The church is a work in progress (and so are its members). Like a cathedral that may take decades or centuries to complete, the process is long and arduous, but someday it will be complete and stand as a beautiful testimony to the power of Christ to transform lives for the better. Remember, too, that only some professing Christians act hypocritically. What about all those who do not? What about all those who consistently live out the love of Christ in the world?
the church and all followers of Christ are glorified, there will, unfortunately, be hypocrites in the church. What’s important to remember, however, is that this does not negate Christianity or the claims of Christ. In addition, accusations of hypocrisy assume that there is a moral standard that hypocrites break. But where does this standard come from? In this sense, the hypocrisy objection actually supports the reality of a transcendent, moral lawgiver (that is, God), rather that argue against Him.
We must also remember that, biblically speaking, “all have sinned and fall short of the glory of God, and are justified freely by his grace through the redemption that came by Christ Jesus” (Romans 3:23-24). In other words, no one is perfect and all are dependent on Christ for redemption, salvation and growth in spiritual maturity. On the one hand, Christians should not act hypocritically, lest we provide critics with a flimsy reason to reject the gospel message. On the other hand, critics should know better than to attempt to throw out Christianity and all of Christ’s claims on the basis of the hypocrisy objection.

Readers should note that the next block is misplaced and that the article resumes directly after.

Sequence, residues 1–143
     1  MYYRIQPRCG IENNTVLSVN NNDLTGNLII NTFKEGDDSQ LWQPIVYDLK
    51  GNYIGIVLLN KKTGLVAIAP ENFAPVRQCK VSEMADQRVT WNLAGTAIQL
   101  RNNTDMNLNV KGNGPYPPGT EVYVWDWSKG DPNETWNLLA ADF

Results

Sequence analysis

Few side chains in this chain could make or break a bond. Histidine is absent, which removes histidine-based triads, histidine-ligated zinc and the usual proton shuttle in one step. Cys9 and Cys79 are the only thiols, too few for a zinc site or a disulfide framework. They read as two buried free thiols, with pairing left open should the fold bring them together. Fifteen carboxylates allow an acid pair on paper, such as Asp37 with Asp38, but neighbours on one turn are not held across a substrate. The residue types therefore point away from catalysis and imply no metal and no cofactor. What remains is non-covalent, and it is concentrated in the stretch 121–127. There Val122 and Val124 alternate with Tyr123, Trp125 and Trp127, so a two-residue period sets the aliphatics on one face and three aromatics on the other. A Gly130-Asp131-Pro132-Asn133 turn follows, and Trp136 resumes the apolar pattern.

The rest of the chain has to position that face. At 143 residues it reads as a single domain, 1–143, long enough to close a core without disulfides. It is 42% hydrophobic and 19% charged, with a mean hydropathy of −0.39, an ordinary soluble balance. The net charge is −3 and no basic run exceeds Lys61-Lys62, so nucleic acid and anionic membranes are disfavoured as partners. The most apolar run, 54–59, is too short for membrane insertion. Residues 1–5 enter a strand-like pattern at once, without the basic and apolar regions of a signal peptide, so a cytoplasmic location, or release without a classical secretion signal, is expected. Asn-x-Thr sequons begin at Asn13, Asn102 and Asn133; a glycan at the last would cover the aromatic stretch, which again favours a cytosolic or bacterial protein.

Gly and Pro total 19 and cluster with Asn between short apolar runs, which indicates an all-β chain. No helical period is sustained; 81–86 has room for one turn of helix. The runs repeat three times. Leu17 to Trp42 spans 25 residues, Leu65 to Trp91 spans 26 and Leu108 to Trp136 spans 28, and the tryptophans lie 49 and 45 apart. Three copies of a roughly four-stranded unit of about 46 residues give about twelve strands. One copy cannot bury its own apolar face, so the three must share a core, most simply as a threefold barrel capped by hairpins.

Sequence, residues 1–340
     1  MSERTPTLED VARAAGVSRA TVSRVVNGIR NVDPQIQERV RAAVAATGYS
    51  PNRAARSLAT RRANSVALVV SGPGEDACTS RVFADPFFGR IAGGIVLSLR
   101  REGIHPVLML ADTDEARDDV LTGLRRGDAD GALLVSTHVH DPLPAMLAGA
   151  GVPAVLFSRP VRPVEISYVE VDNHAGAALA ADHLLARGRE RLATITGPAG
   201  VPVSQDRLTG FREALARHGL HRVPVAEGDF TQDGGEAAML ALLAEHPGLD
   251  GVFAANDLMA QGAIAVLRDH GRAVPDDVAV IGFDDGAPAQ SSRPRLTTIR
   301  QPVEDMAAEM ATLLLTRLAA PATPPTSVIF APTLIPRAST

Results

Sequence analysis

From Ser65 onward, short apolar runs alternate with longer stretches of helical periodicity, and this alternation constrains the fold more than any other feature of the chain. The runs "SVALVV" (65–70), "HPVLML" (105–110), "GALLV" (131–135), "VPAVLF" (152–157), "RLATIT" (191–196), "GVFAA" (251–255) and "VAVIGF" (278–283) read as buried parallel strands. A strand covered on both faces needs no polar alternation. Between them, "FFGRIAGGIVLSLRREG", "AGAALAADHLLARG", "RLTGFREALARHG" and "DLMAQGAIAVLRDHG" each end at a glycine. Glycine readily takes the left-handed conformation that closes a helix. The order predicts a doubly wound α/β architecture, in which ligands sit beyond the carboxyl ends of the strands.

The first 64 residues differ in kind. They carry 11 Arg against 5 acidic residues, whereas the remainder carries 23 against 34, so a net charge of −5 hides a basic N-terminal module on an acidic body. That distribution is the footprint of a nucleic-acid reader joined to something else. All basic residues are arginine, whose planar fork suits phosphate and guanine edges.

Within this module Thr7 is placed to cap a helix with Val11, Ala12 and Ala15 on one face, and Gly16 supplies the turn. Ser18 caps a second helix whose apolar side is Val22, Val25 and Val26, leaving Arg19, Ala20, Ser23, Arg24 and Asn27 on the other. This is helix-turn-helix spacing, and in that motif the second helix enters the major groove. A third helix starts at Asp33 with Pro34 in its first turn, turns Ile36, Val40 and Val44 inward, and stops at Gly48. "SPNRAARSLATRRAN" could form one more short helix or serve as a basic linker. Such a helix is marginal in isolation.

About thirty years ago, my close friend and colleague, Archie Parrish, who at that time led the Evangelism Explosion (EE) program in Fort Lauderdale, came to me with a request. He indicated that on the thousands of evangelistic visits the EE teams made, they kept a record of responses people made to discussions of the gospel. They collated the most frequent questions and objections people raised about the Christian faith and grouped these inquiries or objections into the ten most frequently encountered. Dr. Parrish asked if I would write a book answering those objections for evangelists to use in their outreach. That effort resulted in my book Objections Answered, now called Reason to Believe. Among the top ten objections raised was the objection that the church is filled with hypocrites. At that point in time, Dr. D. James Kennedy responded to this objection by replying, “Well, there’s always room for one more.” He cautioned people that if they found a perfect church, they ought not to join it, since that would ruin it.